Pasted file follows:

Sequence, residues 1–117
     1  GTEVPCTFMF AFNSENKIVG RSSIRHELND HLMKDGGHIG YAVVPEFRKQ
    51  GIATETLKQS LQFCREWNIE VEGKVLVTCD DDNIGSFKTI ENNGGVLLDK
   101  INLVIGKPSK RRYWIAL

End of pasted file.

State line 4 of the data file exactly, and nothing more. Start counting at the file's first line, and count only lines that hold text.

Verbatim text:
   101  INLVIGKPSK RRYWIAL